Using Volunteering to Get Experience
Posted May 1, 2010on:
I’ve been known to advocate volunteering as a handy way to gain experience. And it is. I volunteer for the Phoenix Comicon. It’s a pop-culture and general “geek” convention. I handle their PR. I am unpaid except for the experience I’m getting.
It’s pretty amazing how much experience I’ve actually gotten through the Comicon. I’m the leader of a team of 7 or so people (department boundaries are fluid, but I’m all for claiming the maximum). At the age of 22, this is practically unheard of. It’s not as though I’m leading a club who’s main purpose is to help the homeless. I’m leading a team of individuals in providing a professional service to an organization that is predicting 10,000 attendees at this year’s event. I’m organizing interviews for the top local news and talk shows with celebrities like Stan Lee (the link is there if you need it). Small Fry? I think not.
Still, how much is this experience worth? I work my bum off for the convention. And I am no where near finished doing what is on my to-do list. After sending out press releases and organizing celebrity interviews, I have to contend with training my staff (I have two interns) and organizing ticket give-aways through partner media. By the time I’ve answered my in-box I have already spent 1 hour on the “Con,” as it is affectionately known.
That doesn’t sound like a lot, at first. But bear in mind I spend much of my time reading other blogs, crafting this one, staying active on Twitter and Linked In, mastering Facebook Fan Page design, getting a hang of face-to-face networking by participating in professional events, reading business litterature, writing a fantasy novel, getting ready for grad school, practicing my music, going to actual work-work, and lastly, keeping myself healthy. And that doesn’t begin to tackle keeping myself and my home in good order. You might say I do too much, but I can’t choose a single thing I can live without. They all go into making me happy with myself or progressing my career. Con is also part of that.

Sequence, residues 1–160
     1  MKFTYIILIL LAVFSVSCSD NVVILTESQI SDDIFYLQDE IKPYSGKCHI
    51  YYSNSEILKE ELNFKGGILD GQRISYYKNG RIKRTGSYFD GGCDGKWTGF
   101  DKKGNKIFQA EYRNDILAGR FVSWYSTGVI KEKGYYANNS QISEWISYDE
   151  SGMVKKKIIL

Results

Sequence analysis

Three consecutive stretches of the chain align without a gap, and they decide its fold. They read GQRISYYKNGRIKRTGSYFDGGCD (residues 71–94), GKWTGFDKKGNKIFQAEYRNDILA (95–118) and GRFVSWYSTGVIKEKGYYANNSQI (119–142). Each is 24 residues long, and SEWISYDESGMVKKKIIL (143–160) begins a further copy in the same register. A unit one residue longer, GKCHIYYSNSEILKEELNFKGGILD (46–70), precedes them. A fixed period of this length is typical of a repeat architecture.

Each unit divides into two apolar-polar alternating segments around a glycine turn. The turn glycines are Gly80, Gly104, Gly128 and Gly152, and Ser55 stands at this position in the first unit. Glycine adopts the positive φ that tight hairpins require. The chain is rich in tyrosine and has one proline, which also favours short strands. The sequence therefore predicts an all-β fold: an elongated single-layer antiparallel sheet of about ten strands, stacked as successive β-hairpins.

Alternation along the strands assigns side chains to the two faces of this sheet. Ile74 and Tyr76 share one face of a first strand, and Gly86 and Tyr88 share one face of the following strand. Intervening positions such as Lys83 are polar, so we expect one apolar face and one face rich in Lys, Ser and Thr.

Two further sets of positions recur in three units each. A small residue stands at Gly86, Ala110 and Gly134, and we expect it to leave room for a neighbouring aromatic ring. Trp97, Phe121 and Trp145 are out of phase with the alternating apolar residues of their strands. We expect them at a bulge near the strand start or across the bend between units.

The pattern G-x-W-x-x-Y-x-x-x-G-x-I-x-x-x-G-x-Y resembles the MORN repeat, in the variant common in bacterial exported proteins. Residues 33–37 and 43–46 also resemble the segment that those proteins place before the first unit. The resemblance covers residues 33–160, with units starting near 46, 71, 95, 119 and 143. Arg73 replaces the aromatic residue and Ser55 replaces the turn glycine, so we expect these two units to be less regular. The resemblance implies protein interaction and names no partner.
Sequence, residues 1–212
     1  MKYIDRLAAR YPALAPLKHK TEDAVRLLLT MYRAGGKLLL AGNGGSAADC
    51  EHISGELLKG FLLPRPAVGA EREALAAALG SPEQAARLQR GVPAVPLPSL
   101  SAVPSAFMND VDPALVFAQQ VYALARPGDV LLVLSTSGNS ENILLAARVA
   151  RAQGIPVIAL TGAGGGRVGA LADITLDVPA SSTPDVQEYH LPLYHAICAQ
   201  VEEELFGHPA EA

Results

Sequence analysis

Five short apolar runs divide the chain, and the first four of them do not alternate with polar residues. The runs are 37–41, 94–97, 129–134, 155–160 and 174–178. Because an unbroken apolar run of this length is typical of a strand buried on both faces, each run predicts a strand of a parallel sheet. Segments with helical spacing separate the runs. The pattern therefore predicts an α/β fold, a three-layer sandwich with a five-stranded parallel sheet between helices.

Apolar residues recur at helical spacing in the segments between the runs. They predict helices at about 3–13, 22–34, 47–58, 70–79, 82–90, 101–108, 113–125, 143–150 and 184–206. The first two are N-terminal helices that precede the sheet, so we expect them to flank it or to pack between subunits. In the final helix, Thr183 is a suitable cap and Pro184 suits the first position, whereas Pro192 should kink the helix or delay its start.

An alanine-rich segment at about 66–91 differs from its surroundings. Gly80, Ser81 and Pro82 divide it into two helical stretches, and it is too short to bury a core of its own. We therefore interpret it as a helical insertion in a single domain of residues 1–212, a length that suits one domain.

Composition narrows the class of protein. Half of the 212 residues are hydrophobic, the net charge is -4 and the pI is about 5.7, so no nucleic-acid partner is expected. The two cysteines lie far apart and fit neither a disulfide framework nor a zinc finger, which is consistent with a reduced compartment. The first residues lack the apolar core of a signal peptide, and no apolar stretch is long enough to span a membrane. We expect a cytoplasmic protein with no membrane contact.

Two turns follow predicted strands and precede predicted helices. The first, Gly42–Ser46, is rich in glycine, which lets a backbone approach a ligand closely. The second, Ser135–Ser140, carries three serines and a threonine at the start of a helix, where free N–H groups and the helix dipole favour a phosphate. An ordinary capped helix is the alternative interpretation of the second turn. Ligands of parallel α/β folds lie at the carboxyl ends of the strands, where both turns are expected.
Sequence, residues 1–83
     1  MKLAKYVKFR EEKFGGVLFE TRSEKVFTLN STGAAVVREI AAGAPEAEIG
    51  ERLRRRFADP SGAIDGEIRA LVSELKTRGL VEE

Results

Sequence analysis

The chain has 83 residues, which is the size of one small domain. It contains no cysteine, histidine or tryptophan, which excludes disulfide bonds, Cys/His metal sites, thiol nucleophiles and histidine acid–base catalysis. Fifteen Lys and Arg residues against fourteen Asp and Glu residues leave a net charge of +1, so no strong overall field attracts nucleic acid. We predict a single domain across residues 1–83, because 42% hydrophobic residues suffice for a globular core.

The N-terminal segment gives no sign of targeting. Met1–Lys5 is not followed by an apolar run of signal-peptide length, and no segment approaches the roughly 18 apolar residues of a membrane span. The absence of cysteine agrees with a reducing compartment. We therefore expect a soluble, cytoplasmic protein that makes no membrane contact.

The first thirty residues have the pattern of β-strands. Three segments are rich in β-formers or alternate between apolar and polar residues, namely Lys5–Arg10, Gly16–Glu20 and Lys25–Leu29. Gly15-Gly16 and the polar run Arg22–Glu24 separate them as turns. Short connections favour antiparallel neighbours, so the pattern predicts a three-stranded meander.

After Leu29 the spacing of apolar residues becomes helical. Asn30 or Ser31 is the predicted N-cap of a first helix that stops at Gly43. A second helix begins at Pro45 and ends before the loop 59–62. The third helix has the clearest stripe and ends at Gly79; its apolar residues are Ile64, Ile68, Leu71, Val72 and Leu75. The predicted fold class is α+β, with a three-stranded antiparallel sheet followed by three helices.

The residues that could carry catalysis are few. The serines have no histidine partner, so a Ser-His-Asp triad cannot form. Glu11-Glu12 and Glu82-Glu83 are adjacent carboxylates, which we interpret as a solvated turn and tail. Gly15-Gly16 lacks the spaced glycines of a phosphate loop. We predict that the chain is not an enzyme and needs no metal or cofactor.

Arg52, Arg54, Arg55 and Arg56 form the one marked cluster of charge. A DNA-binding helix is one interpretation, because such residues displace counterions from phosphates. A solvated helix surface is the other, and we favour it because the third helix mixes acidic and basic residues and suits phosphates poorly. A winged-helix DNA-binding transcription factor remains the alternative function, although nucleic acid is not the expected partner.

So how do I ballance the need for experience with the other draws on my time? I need to earn money as well as work on the convention and if I try to get everything done in a day for the Con, I’d have to leave early or answer Con e-mail at work. Not good when work itself has a lot of stress and problems to handle. If I can’t get rid of some of the things on this list, then it seems I should have a talk with Father Time about a daylight extension.
The problem is that working on the Con has given me experiences I can take back to the office and use there. I remember a movie I saw once, a comedy, where the main character was trying to get a job, but all jobs required experience first. It’s a beautiful catch 22. What I’m going through is also representative of a true problem in our economy and society. This economy has seen an uptick in unpaid internships and volunteering, as this article about Chicagoans illustrates. It’s even become an issue big enough for laws to be suggested and discussed that will limit the abuse of unpaid internships, as this New York Times article describes. Young people need the experience, but we also need the confidence to claim our dues and… and ramen is not good for you.
That’s the flip side of these unpaid volunteering and intern experiences. Ramen, one of the cheapest food products out there, is not healthy. And we already eat a lot of it.